Node can be incredibly fast, but it achieves much of this speed by operating without a safety net. If your code locks up, the entire server locks up with it. The most cultish devotees feel that this can be dodged with careful coding. Mojito encourages this care by offering the well-understood paradigm of Model-View-Controller, or MVC. Splitting the code into small distinct parts that serve predetermined roles makes it less likely that you'll lock up the server. That's the theory, but of course nothing can stop a determined programmer.
Mojito's MVC structure emulates the ideas and design paradigms that emerged from other Web programming worlds. The Java server-side programmers are so devoted to frameworks like Struts that you could get yourself stabbed in a Java bar if you even hinted that MVC is not right for all things. The paradigm succeeded because it brought some order and roughly approximated the way that development teams are organized. The people who are good with visual design end up in charge of the View; the people who organize the data (often DBAs) create the Model; and the programmers handle the Controller that makes decisions about what the data can do (the business rules).
Mojits and MVCThe Mojito framework makes excellent use of the MVC paradigm. Each Web application is broken up into mojits -- shorthand for Mojito widgets. Mojits are rectangular areas of the page that are meant to be fairly independent. You should be able to mix and match mojits if you're careful in your coding; you may also want to get them talking with each other.
There aren't many details on how to exploit this, but structure is there for you to separate the code as you need. You have to be careful how you use the structure, and in the spirit of Node, you do the work on your own -- it's up to you to avoid any traps. A mojit on the server won't be able to manipulate a DIV on the client, for instance. It's worth noting that one recent project, Opa, promises to use the compiler to make automated decisions about where the code will run, but that level of hand-holding isn't provided here.
The Mojito framework is also designed to be smart about devices; to be more precise, it's designed to help you deliver different code to different devices. If your website visitor is using a smartphone, for example, the framework can dispense a different View built with a different template and a different set of local functions. This device sensitivity is essential these days, and the Mojito team was smart to build it into the framework itself.
Your Web application's events and much of its structure are defined by JSON files. I guess these are a step up from the endless opening and closing tags in frameworks like Struts that were built when XML was hip, but I quickly grew tired of hitting those quotation keys all of the time. Someone is bound to write a nice Web interface to these files so that we don't have to add so much glue punctuation. One version of my code crashed until I counted the curly brackets correctly, a task made easier by a parser that issued intelligent complaints about the mismatching.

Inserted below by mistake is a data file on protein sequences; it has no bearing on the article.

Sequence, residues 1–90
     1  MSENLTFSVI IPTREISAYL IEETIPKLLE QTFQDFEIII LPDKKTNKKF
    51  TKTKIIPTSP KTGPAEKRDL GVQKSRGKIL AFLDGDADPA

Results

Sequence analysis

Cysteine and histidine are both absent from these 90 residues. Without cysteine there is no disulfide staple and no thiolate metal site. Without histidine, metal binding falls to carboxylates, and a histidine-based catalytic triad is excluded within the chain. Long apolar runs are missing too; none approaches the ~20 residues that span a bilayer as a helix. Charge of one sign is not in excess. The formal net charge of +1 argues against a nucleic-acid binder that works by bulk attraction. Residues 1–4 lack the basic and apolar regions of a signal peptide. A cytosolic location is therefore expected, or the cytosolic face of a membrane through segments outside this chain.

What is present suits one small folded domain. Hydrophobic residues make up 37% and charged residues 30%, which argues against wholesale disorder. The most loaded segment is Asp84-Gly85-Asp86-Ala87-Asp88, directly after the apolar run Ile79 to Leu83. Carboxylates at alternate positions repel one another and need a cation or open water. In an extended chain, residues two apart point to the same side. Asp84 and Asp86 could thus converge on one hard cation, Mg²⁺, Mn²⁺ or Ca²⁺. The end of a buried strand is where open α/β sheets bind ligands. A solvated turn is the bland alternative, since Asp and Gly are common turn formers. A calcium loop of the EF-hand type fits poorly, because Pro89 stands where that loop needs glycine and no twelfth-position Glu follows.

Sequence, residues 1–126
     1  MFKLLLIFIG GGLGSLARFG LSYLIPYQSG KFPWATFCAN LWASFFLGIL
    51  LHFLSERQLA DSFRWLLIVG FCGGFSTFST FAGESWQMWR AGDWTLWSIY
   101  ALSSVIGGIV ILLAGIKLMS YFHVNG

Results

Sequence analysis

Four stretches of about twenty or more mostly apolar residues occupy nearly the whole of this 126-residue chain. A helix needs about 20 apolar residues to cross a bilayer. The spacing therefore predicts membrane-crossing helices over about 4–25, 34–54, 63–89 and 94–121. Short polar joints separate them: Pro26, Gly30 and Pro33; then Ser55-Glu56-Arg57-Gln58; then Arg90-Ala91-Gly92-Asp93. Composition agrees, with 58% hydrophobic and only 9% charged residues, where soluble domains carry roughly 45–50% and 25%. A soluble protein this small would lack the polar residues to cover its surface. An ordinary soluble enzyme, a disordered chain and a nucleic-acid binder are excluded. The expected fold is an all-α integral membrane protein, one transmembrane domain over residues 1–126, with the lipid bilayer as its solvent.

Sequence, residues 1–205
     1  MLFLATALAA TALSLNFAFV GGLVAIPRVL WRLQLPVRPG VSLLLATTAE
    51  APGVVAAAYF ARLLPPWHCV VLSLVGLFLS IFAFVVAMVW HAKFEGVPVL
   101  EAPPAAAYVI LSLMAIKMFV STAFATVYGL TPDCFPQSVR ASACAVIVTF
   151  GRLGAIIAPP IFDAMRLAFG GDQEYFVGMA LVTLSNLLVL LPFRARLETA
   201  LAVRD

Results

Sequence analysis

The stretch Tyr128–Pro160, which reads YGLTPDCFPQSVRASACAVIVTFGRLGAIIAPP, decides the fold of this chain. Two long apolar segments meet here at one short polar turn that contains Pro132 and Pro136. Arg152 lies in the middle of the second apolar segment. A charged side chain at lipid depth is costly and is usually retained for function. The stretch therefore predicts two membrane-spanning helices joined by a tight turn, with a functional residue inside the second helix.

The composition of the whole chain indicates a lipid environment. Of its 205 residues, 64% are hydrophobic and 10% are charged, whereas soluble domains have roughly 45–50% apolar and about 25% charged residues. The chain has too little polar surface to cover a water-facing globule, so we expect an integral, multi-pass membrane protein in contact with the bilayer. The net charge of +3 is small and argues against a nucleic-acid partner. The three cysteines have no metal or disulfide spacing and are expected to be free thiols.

Your affection for Mojito will depend on your affection for YUI. It's much simpler to use YUI widgets in the layout of your Web page because YUI is baked into all of the layers. This is largely a stylistic decision because the YUI has most of the functionality you might desire. It's fully formed and ready to go. The look and feel, though, may or may not be what you like. Some people assert that Yahoo Mail is the best out there, but others disagree. If you like Yahoo Mail, you'll probably be happy with what you create with Mojito.
The Mojito framework is also a good way for Yahoo to extend the reach of its APIs. It only takes a few lines of code to issue a call written in the Yahoo Query Language (YQL), the lingua franca for accessing Web databases like Flickr. The other parts of the Yahoo empire, including Yahoo Maps and Yahoo News, take the same style query. If you rely on any of these APIs, you'll be even more interested in Mojito.
There are still some limitations. I wish Mojito had some coupling with databases because that's what many developers are going to want to do. Node frameworks such as RailwayJS and Locomotive offer Rails-like connections to traditional databases. If you want a quick CRUD scaffolding to create, update, or delete rows in the database, one command can build them for you.
Web apps without SQLThe Mojito documentation on data access talks about cookies and Yahoo Query Language, not SQL or NoSQL. The counter-SQL argument is that the data should live in its own realm in a JSON-compatible server that takes RESTful queries. The Rails-like integration is too much, and it shackles the developer. Leaving the database connection out of Mojito frees it.
Read more about application development in InfoWorld's Application Development Channel.